Millane's father, David Millane, traveled to New Zealand last week after his daughter vanished, and Judge Evangelos Thomas addressed him and other family members.

"I don't know what to say to you at this time, but your grief must be desperate," he said, according to television station Three. "We all hope justice will be fair and swift and ultimately bring you some peace."

The case has riveted people both in Britain and New Zealand.

Described by her father as fun-loving and family-oriented, Millane had been traveling in New Zealand as part of a planned yearlong trip abroad that began in Peru. She went missing Dec. 1 and failed to get in touch with her family on her birthday the next day, or on the days that followed, which alarmed them.

Before she vanished, Millane had been staying at a backpacker hostel in Auckland and left some of her belongings there. Detective Inspector Scott Beard said she met a man for a couple of hours in the evening before surveillance cameras showed them entering the CityLife hotel at about 9:40 p.m.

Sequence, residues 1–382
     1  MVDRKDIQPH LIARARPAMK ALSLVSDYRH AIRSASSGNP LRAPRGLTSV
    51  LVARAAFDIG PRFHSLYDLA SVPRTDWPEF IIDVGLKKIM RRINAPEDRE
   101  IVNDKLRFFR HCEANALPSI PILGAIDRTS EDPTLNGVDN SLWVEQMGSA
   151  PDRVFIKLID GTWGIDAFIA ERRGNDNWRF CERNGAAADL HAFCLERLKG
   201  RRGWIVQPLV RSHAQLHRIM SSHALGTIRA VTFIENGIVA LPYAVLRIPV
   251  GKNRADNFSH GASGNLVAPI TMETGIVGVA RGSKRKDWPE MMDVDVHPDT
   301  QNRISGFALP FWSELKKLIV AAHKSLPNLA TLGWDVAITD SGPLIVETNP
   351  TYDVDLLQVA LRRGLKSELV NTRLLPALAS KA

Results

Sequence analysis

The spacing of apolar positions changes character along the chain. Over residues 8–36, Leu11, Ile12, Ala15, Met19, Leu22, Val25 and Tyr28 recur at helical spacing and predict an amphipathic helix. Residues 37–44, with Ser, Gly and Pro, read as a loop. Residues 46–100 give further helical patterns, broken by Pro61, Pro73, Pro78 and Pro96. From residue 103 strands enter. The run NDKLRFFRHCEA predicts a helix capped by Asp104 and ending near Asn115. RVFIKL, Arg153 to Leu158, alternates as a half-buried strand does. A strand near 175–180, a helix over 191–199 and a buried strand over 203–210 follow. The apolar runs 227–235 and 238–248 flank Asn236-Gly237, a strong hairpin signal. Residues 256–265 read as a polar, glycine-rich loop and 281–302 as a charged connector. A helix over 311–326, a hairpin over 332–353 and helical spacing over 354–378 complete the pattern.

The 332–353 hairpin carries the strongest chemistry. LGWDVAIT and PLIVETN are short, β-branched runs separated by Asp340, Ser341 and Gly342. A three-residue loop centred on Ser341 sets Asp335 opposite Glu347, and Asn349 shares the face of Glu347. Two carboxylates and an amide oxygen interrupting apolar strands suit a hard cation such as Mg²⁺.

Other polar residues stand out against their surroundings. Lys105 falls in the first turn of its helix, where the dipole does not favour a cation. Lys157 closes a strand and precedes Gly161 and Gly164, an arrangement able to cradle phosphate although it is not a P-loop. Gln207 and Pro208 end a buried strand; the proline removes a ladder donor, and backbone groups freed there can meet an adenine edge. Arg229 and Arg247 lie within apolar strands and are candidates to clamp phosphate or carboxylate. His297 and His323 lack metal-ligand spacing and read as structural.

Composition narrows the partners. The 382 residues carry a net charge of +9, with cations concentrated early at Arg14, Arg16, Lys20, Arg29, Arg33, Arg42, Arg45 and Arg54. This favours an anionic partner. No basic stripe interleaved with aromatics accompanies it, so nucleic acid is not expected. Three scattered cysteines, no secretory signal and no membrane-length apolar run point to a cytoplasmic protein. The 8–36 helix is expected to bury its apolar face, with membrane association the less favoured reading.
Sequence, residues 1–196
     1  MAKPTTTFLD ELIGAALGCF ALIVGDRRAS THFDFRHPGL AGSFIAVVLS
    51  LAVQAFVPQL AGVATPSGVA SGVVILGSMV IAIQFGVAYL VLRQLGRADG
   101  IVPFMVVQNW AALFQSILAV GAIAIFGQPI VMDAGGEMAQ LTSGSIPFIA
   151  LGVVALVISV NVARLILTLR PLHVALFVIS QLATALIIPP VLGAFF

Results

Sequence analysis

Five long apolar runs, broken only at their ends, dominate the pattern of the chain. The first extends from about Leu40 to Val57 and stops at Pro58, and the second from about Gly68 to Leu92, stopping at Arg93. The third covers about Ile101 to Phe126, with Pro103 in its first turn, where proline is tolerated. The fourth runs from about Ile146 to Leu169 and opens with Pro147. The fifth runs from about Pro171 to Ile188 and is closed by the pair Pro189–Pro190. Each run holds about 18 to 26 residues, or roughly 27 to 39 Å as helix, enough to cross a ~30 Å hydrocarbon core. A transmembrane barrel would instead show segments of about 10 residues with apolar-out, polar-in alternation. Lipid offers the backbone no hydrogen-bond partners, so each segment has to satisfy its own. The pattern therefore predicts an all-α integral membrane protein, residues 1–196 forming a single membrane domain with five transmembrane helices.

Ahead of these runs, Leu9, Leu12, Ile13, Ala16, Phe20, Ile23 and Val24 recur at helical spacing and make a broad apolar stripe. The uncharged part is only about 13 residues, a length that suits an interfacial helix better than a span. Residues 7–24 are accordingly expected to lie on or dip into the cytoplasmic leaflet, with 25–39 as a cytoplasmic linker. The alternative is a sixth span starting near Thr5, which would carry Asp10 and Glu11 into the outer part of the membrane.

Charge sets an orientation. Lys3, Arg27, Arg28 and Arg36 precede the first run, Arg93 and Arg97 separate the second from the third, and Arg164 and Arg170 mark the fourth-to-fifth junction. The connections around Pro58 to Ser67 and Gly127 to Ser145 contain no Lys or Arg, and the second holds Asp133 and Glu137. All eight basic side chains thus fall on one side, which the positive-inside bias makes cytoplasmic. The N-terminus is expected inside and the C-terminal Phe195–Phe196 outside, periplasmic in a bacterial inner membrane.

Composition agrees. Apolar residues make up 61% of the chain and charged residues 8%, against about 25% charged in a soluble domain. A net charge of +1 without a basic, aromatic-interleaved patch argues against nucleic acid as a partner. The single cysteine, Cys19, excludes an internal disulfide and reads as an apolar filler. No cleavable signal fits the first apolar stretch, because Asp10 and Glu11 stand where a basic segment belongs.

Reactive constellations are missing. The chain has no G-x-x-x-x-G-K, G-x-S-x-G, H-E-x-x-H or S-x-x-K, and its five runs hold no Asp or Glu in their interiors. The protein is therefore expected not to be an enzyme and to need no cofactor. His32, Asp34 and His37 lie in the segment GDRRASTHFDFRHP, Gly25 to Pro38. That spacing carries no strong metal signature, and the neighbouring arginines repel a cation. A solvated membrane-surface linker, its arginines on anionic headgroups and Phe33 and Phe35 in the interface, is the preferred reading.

A week after Millane disappeared, police detained a man for questioning and later charged him with murder.


Rwandan court drops all charges against opposition figure
Court Center | 2018/12/06 22:03
Rwanda’s high court on Thursday acquitted the country’s most prominent opposition figure of all charges related to her election challenge of President Paul Kagame, as judges said the prosecution failed to provide proof of insurrection and forgery.

Diane Rwigara’s case has drawn global attention as Kagame again faces pressure to give more space to critics in this highly controlled East African country.

Rwigara’s mother, Adeline, 59, also was acquitted of inciting insurrection and promoting sectarianism. Both women had denied the charges.

The courtroom, packed with diplomats and supporters, erupted in applause as Diane Rwigara and her mother were overcome with tears. Excited relatives who had prayed before the hearing for protection swarmed them with hugs.